No other recent candidate hailing from the party of Lincoln has accused Abraham Lincoln of causing a “senseless” war and ruling with an “iron fist.” Or regarded Ronald Reagan’s presidency a “dramatic failure.” Or proposed the legalization of prostitution and heroin use. Or called America the most “aggressive, extended and expansionist” empire in world history. Or promised to abolish the CIA, depart NATO and withdraw military protection from South Korea. Or blamed terrorism on American militarism, since “they’re terrorists because we’re occupiers.” Or accused the American government of a Sept. 11 “coverup” and called for an investigation headed by Dennis Kucinich. Or described the killing of Osama bin Laden as “absolutely not necessary.” Or affirmed that he would not have sent American troops to Europe to end the Holocaust. Or excused Iranian nuclear ambitions as “natural,” while dismissing evidence of those ambitions as “war propaganda.” Or published a newsletter stating that the 1993 World Trade Center attack might have been “a setup by the Israeli Mossad,” and defending former Ku Klux Klan Grand Wizard David Duke and criticizing the “evil of forced integration.”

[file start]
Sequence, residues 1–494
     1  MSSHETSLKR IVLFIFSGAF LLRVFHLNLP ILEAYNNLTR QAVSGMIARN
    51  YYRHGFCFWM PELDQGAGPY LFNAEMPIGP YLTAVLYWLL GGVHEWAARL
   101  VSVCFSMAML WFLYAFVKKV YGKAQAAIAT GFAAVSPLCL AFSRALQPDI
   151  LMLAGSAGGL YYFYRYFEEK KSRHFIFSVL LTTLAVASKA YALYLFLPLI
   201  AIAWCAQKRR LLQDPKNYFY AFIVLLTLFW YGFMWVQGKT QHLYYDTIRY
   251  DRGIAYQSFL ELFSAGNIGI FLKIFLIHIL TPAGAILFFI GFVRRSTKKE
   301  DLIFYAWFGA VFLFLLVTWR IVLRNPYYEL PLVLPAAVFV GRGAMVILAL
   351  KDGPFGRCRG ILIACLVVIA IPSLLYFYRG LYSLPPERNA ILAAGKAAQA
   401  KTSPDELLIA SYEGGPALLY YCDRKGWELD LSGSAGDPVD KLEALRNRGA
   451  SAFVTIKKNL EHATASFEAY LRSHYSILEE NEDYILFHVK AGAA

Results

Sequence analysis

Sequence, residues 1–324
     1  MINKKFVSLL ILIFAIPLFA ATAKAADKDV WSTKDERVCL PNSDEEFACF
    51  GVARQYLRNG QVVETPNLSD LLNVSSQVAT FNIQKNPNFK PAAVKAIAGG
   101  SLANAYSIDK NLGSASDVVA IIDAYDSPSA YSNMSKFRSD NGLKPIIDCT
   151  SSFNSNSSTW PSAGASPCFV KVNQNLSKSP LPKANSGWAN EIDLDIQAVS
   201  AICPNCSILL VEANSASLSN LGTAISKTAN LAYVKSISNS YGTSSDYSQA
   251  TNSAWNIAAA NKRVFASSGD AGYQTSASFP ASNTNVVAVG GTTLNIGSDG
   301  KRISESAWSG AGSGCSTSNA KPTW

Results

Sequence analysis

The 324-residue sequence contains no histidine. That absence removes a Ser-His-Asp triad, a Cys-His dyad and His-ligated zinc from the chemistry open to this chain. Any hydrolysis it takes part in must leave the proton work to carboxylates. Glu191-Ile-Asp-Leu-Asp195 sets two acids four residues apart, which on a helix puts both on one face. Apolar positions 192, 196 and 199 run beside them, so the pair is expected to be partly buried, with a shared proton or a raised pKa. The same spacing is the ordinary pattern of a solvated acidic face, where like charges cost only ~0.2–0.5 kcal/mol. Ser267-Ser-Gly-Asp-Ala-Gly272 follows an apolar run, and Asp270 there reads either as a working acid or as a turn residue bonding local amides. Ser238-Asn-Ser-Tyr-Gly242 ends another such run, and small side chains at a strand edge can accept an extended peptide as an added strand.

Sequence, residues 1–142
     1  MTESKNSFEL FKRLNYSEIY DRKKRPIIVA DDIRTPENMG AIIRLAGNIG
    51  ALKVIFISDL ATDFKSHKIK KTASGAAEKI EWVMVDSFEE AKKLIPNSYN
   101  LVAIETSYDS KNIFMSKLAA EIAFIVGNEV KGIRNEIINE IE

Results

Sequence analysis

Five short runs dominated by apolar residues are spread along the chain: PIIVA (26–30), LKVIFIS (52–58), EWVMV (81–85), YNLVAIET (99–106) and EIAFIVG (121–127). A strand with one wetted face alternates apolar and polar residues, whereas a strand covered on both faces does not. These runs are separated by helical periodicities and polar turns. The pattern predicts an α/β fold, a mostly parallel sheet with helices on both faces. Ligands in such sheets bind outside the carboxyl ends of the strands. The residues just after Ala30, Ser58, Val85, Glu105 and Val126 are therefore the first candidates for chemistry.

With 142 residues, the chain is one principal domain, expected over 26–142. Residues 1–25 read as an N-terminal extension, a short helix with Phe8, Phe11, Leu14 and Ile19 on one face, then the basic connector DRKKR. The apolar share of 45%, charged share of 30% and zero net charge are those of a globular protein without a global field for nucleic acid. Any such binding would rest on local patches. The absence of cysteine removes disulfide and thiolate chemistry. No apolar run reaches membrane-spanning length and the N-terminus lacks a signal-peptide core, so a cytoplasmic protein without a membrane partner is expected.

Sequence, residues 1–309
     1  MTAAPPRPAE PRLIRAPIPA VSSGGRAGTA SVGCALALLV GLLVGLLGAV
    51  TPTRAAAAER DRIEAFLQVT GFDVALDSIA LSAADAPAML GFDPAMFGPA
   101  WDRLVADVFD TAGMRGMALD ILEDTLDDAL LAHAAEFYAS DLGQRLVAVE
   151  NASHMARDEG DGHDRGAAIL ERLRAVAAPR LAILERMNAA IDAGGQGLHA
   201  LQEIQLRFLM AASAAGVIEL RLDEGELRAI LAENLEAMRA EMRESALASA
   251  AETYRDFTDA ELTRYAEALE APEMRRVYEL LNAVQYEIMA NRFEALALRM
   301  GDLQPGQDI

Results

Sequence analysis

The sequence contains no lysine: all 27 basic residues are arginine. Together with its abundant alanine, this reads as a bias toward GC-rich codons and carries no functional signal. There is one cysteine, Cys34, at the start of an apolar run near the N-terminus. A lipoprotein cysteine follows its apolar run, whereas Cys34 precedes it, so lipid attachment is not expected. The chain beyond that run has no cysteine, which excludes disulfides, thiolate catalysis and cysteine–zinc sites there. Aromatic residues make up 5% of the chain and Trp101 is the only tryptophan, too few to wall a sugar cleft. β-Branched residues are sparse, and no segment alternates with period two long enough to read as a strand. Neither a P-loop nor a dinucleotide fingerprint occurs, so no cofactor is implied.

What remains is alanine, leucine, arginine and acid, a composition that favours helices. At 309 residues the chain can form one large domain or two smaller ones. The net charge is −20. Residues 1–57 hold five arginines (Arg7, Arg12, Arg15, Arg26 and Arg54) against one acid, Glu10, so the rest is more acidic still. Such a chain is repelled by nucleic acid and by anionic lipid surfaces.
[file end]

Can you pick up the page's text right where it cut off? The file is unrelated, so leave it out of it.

Each of these is a disqualifying scandal. Taken together, a kind of grandeur creeps in. The ambition of Paul and his supporters is breathtaking. They wish to erase 158 years of Republican Party history in a single political season, substituting a platform that is isolationist, libertarian, conspiratorial and tinged with racism. It won’t happen. But some conservatives seem paradoxically drawn to the radicalism of Paul’s project. They prefer their poison pill covered in glass and washed down with battery acid. It proves their ideological manhood.

via Ron Paul’s quest to undo the party of Lincoln – The Washington Post.